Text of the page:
By: Montana Timpson
The S&P 500 just set a record intraday high; the S&P 500’s tech sector alone outperformed the broader market on Thursday, up 0.9% in recent trading, and technology stocks like Tesla (TSLA) are making headlines as traders jump back into the growth names that had underperformed so far for the year-to-date. The intraday high follows news of new data showing a drop in jobless claims and a rise in orders for durable goods.
More specifically, the S&P 500 was up 0.52% to 4,263.77 at the opening bell Thursday morning and hit 0.6% by mid-morning, on track for a closing high. The S&P 500 was not the only high-performing index of the day — the Dow Jones Industrial Average gained 240 points, up 0.7%, and the tech-heavy Nasdaq Composite rose 0.8%, also on track for a high.
To understand the importance of the S&P 500’s significant highs, professional traders must first understand the basis of the S&P 500. Here’s what active investors should know.
Definition of the S&P 500 Index
The S&P 500, more formally known as the Standard & Poor’s 500 Index, is a market-capitalization-weighted index of the 500 largest publicly traded companies in the U.S. The S&P 500 includes companies across eleven sectors to offer a picture of the health of the U.S. stock market and the broader economy.
In calculating market cap, current stock price is multiplied by the number of shares a company has outstanding — the S&P 500’s value is calculated based on the market cap of each of the 500 companies within the index, adjusted to consider only the number of shares that are traded publicly.
What Companies Are Included in the S&P 500?
To be eligible for the S&P 500, companies must meet certain criteria. Among other things, companies must have a market cap of at least $8.2 billion, be based in the United States, be structured as a corporation, offer common stock, be listed on an eligible U.S. exchange and have positive as-reported earnings over the most recent quarter in addition to over the four most recent quarters added together.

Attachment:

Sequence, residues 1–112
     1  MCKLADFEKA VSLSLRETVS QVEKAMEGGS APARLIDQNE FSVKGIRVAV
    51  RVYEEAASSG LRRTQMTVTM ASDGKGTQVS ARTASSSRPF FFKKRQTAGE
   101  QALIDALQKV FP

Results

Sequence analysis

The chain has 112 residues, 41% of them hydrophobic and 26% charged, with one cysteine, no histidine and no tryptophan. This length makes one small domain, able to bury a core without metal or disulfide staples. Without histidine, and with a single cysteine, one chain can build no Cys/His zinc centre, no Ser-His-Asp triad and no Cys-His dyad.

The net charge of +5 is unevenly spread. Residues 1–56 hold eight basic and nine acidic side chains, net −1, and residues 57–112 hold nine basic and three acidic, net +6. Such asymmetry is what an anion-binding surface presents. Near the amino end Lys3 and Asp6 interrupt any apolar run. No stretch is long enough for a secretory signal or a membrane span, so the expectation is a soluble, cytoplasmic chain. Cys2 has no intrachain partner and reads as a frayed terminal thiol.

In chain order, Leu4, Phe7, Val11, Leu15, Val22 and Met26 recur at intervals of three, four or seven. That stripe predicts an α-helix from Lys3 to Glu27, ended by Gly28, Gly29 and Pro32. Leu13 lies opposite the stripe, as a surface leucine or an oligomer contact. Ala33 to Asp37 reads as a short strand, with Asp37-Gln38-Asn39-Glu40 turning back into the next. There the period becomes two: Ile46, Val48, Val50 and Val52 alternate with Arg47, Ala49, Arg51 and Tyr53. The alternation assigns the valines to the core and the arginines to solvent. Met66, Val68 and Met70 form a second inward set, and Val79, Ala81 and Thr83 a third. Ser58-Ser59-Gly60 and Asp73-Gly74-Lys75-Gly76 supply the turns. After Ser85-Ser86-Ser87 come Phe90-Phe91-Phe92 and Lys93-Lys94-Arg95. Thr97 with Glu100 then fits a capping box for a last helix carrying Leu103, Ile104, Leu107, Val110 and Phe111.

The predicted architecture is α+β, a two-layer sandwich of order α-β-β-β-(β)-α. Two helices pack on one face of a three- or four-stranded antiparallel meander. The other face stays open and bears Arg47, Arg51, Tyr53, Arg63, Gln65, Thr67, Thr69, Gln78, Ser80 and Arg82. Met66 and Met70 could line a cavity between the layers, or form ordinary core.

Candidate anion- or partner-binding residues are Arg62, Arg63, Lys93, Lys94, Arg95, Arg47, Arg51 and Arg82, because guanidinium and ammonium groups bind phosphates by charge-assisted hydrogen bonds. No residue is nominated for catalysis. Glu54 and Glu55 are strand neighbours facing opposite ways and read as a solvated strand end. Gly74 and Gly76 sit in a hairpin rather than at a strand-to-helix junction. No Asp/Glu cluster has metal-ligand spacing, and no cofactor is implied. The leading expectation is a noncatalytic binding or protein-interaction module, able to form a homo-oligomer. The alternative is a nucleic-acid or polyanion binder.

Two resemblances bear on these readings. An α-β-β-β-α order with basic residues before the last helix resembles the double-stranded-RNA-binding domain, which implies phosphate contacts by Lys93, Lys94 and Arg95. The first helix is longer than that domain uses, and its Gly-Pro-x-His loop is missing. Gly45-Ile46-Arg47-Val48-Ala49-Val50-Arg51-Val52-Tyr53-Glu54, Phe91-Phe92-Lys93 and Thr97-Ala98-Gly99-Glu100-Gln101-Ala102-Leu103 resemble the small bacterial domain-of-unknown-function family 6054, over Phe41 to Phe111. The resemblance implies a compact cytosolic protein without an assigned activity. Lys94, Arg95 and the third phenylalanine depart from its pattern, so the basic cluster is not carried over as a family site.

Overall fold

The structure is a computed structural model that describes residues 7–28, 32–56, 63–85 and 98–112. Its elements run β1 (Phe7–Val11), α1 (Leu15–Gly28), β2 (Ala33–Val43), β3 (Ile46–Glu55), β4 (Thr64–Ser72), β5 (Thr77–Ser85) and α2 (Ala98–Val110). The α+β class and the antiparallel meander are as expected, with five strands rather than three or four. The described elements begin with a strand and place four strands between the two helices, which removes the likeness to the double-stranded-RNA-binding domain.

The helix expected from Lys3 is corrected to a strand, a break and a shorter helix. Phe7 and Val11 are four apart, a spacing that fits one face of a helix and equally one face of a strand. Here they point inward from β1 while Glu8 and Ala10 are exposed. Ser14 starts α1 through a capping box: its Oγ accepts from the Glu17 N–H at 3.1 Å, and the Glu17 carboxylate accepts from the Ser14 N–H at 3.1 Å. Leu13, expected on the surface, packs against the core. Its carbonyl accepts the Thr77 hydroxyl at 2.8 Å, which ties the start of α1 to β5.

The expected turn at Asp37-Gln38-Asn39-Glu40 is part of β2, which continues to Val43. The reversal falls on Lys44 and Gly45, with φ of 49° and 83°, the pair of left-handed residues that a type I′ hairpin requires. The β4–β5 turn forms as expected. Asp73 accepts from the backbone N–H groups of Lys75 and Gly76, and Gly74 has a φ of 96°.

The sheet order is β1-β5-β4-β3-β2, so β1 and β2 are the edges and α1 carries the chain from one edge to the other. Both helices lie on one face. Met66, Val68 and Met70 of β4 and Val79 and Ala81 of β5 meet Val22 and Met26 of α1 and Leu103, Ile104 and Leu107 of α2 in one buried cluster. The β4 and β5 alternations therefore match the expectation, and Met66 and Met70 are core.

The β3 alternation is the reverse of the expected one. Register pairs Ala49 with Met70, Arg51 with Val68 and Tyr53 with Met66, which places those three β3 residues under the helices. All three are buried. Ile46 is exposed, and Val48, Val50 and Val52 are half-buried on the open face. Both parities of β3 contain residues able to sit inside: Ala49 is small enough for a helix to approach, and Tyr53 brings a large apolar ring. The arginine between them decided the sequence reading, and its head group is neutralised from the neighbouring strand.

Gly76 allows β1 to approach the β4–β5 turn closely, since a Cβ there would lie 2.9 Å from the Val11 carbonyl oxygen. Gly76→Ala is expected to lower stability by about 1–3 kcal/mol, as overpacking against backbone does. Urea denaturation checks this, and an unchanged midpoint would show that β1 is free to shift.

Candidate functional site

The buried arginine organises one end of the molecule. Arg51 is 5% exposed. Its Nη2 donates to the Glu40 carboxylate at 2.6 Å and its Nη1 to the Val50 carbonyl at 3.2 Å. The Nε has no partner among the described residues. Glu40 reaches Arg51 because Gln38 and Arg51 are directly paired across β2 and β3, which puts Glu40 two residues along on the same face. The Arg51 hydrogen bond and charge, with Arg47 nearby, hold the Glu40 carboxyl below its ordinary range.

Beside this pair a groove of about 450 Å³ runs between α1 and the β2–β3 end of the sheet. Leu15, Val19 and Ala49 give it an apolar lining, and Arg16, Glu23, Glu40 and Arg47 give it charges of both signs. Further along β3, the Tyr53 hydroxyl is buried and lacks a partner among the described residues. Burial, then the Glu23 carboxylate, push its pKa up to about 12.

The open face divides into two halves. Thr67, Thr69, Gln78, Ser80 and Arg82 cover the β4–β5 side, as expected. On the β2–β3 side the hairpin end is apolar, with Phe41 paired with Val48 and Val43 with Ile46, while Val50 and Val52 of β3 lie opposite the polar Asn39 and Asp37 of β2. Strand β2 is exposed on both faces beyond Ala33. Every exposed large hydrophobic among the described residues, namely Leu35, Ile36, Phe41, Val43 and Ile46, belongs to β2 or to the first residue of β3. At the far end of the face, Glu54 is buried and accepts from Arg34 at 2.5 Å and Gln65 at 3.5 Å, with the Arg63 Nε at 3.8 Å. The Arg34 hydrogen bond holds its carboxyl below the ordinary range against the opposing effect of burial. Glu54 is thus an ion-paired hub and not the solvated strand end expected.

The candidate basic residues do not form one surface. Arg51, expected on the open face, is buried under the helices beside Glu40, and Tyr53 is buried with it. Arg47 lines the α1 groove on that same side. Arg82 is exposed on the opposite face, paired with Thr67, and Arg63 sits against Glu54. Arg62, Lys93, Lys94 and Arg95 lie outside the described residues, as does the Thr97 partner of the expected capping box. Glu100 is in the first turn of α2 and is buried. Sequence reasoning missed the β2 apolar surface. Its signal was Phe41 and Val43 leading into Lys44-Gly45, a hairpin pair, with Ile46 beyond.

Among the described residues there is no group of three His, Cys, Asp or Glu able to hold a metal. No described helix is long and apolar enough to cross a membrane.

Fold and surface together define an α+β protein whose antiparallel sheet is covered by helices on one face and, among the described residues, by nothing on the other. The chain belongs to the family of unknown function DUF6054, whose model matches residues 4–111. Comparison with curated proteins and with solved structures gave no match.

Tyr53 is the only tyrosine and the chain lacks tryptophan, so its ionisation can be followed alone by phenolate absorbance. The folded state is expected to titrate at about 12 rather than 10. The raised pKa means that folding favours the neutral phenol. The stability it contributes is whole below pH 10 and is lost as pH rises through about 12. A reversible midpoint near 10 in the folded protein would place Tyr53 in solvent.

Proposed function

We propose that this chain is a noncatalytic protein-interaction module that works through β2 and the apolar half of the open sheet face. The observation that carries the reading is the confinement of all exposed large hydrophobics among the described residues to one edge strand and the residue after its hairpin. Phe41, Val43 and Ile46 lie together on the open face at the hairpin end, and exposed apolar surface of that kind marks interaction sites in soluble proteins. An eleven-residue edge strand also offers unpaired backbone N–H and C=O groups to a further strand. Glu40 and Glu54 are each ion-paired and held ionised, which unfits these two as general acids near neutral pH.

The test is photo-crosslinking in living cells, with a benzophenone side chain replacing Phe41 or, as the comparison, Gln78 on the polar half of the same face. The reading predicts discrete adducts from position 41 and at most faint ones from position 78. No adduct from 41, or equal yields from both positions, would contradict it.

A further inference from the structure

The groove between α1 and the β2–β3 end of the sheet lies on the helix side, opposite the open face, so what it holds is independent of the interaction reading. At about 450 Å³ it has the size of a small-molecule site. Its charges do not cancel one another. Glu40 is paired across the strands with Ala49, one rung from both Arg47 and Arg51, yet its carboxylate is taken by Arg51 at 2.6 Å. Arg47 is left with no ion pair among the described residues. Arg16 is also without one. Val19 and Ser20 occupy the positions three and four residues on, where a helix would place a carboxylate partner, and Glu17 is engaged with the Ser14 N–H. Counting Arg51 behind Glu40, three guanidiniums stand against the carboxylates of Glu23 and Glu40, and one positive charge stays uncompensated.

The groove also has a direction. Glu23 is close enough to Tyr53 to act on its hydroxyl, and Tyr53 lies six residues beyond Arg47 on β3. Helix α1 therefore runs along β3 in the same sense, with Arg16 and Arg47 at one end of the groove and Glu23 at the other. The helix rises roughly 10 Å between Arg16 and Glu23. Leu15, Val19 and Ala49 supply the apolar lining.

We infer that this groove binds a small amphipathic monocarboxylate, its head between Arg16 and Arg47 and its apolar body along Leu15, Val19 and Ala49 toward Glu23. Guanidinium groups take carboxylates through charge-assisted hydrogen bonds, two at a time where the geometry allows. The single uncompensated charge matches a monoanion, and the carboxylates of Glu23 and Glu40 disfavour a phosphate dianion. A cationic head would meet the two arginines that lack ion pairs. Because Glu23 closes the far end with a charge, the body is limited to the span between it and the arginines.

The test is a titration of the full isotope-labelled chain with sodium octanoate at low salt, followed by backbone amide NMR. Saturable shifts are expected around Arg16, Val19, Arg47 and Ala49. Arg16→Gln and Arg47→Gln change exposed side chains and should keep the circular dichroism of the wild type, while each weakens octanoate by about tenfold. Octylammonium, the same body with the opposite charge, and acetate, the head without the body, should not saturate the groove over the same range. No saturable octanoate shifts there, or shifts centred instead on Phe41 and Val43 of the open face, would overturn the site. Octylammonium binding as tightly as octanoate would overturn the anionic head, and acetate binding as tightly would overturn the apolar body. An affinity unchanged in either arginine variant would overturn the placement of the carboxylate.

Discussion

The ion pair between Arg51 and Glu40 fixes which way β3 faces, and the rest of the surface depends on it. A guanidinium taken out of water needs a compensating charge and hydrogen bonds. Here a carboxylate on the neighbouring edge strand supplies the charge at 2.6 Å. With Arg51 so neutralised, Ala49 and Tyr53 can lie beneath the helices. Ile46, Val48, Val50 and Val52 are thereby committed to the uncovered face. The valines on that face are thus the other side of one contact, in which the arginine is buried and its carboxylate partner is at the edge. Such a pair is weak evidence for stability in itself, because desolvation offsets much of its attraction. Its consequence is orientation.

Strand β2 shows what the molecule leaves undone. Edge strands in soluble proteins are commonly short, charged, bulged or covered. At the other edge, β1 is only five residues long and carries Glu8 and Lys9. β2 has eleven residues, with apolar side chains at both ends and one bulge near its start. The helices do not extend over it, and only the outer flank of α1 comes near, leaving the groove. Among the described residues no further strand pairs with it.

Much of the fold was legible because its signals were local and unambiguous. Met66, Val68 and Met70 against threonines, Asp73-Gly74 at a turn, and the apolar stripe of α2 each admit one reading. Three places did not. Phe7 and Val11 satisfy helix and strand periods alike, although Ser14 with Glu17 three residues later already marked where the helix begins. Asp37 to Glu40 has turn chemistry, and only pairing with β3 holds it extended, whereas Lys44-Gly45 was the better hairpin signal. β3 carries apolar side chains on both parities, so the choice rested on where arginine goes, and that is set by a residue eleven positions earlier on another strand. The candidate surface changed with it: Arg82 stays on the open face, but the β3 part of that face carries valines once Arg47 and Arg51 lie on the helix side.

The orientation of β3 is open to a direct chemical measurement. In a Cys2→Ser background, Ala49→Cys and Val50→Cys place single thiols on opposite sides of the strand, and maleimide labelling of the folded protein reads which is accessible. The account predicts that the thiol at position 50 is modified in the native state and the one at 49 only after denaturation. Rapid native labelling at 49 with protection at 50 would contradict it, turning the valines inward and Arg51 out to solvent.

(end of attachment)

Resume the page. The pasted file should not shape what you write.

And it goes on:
Trading the S&P 500
As with all indices, professional traders cannot buy the S&P 500 directly. Instead, investors can buy shares in an index that tracks the S&P 500 and seek exposure through ETFs, options on ETFs, index futures and mutual funds.
Ideal ETFs for active traders should have high liquidity, low transaction costs and tight bid-ask spreads, making S&P 500 Index ETFs a great option for professionals seeking short-term S&P 500 trading strategies. Some of the more prominent index funds that track the S&P 500 are Vanguard 500 Index Investor Shares (VFINX), Schwab S&P 500 Index Fund (SWPPX), Fidelity 500 Index Fund (FXAIX) and T. Rowe Price Equity Index 500 Fund (PREIX).
S&P 500 Index in the News
The S&P 500 is back in the headlines after surpassing its record high set a week ago as the market fully recovered losses triggered by the Federal Reserve’s policy announcements and the outlines of an infrastructure spending deal with the White House.
The revival in tech stocks marks a sharp shift back towards high growth stocks, whereas in recent months, investors piled into corners of the market that would benefit from rising bond yields and an improving economy, like the energy and financials sectors within the S&P 500.
The author holds no positions in the securities mentioned.
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